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About Anna Butler
A native of Durham, England, Anna worked for many years as a communications specialist in the UK government. She now spends her time indulging her love of old-school science fiction featuring handsome heroes running about shooting lasers. She lives in the depths of the Nottinghamshire countryside with her husband and the Deputy Editor, aka Molly the cockapoo, who’s supported by Mavis the Assistant Editor, a Yorkie-Bichon cross with a bark several times bigger than she is but with no opinion at all on the placement of semi-colons.
Contact Anna at email@example.com
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When Captain Rafe Lancaster is invalided out of the Britannic Imperium’s Aero Corps after crashing his aerofighter during the Second Boer War, his eyesight is damaged permanently, and his career as a fighter pilot is over. Returning to London in late November 1899, he’s lost the skies he loved, has no place in a society ruled by an elite oligarchy of powerful Houses, and is hard up, homeless, and in desperate need of a new direction in life.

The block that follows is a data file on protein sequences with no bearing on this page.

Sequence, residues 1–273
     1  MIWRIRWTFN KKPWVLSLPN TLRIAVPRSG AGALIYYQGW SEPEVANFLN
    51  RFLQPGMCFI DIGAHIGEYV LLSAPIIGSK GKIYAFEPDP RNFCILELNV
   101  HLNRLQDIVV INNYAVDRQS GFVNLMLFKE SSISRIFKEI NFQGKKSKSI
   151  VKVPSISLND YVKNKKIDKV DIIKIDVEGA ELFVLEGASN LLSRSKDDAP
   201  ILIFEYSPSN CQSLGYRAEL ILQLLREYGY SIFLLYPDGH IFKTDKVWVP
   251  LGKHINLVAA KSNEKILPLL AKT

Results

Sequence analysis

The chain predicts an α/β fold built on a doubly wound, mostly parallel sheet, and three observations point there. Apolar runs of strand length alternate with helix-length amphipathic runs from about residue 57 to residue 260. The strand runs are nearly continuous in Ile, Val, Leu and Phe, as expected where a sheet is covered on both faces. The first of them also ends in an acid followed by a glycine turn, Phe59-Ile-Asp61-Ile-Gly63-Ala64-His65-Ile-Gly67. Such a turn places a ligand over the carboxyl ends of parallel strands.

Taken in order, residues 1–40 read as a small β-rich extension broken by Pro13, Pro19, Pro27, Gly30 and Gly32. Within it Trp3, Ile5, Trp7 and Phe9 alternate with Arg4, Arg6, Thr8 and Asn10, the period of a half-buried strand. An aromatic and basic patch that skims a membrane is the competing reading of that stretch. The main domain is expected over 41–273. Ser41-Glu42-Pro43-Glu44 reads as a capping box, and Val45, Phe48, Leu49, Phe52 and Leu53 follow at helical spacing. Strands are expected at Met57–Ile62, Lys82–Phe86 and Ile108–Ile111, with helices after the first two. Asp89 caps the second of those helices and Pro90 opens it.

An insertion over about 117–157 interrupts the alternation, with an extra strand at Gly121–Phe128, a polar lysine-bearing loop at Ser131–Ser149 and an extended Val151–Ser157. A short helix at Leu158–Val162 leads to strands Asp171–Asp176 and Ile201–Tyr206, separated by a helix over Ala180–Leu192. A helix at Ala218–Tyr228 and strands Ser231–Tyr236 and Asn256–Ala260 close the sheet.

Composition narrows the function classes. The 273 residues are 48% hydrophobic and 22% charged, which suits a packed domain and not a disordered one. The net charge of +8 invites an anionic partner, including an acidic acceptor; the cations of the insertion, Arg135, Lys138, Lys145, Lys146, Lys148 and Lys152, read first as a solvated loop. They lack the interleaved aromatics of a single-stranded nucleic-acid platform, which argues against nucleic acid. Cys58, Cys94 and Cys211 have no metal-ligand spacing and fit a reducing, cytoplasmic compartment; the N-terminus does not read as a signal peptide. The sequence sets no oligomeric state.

Everything changes when he buys a coffeehouse near the Britannic Imperium Museum in Bloomsbury, the haunt of Aegyptologists. For the first time in years, Rafe is free to be himself. In a city powered by luminiferous aether and phlogiston, and where powerful men use House assassins to target their rivals, Rafe must navigate dangerous politics, deal with a jealous and possessive ex-lover, learn to make the best coffee in London, and fend off murder and kidnap attempts before he can find happiness with the man he loves.
2018/19 RAINBOW AWARD WINNER
Joint First Place: Best Gay Historical Romance
Joint Third Place: Best Gay Book.
Something is stalking the Aegyptian night and endangering the archaeologists excavating the mysterious temple ruins in Abydos. But is it a vengeful ancient spirit or a very modern conspiracy?
Rafe Lancaster’s relationship with Gallowglass First Heir, Ned Winter, flourishes over the summer of 1900, and when Rafe’s House encourages him to join Ned’s next archaeological expedition, he sees a chance for it to deepen further. Since all the Houses of the Britannic Imperium, Rafe’s included, view assassination as a convenient solution to most problems, he packs his aether pistol—just in case.
Trouble finds them in Abydos. Rafe and Ned begin to wonder if they’re facing opposition to the Temple of Seti being disturbed. What begins as tricks and pranks escalate to attacks and death, while the figure of the Dog—the jackal-headed god, Anubis, ruler of death—casts a long shadow over the desert sands. Destruction follows in his wake as he returns to reclaim his place in Abydos. Can Rafe and Ned stand against both the god and House plots when the life of Ned’s son is on the line?